Senate backs oil shale development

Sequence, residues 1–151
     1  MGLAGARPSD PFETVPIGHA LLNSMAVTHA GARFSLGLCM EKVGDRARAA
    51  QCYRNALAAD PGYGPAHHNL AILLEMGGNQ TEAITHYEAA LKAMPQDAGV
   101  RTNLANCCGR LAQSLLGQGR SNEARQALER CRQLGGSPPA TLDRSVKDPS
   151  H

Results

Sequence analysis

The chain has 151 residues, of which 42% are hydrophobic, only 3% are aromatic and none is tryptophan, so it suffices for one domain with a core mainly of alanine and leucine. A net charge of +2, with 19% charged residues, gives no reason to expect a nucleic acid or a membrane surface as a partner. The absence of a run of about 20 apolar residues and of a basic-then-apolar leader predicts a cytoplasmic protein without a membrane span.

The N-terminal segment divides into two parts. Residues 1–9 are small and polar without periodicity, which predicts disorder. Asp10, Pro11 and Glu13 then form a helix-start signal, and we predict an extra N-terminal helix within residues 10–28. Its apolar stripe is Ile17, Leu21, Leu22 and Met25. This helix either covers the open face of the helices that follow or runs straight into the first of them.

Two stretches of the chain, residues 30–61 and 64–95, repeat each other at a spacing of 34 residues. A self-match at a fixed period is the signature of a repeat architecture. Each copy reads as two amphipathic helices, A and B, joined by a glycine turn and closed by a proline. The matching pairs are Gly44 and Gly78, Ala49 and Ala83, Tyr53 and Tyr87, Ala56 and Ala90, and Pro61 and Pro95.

The federal energy bill that passed the Senate Tuesday could give a kick start to oil shale development on the West Slope. Under the amendment, the federal Department of Energy would be charged with completing an inventory of oil shale resources before leasing public lands for research and development.Commercial leasing would not go forward until DOE prepares a programmatic environmental impact statement that would consider environmental and economic impacts.The bill received strong bipartisan support, passing 82-12.Sen. Ken Salazar (D-Colo.), who helped craft the oil shale amendment in the energy bill, said he wants development to proceed slowly.”I want to avoid a headlong plunge into oil shale development without research and development,” he said. “It’s also important to know if the technology is available to develop oil shale in a commercially viable way.”Shell Oil is experimenting with an in-situ process in the Piceance Basin south of Meeker that would extract oil by heating the enclosing rock formation. Shell has said it does not expect its technology to be commercially viable for seven to 10 years. The pace of development outlined in the amendment is considerably slower than a plan proposed by Sen. Orrin Hatch (R-Utah) who pushed for an aggressive program of oil shale development that would get under way in the next 18 months.”The oil shale provisions in the Senate bill include some sensible, appropriately cautious provisions, among them requiring a systematic environmental impact statement with attendant public review … and analysis of potential impacts,” said Steve Smith, spokesman for the Wilderness Society. He also applauded the provision for “careful small scale research before considering expanded development.”We are pleased that the Senate bill is pretty good, primarily in that it is not as horrible as the House of Representatives version, which includes extensive subsidies, pollution exemptions, and compromise of public lands protection for the already booming and highly profitable energy companies,” Smith added.Salazar said he wants to develop the resource in a thoughtful way “so we don’t have to go through another Black Sunday when oil shale went bust on the West Slope.” Exxon pulled out of its Colony Oil Shale Project on Sunday, May 2, 1982, leaving 2,000 people without jobs and precipitating an economic bust that still reverberates in Garfield County.The bill now proceeds to a conference committee aimed at ironing out differences between the Senate and House bills. Then both the Senate and House must vote on the bill a second time before it goes to the President’s desk for signature or veto.Contact Donna Gray: 945-8515, ext. email@example.com
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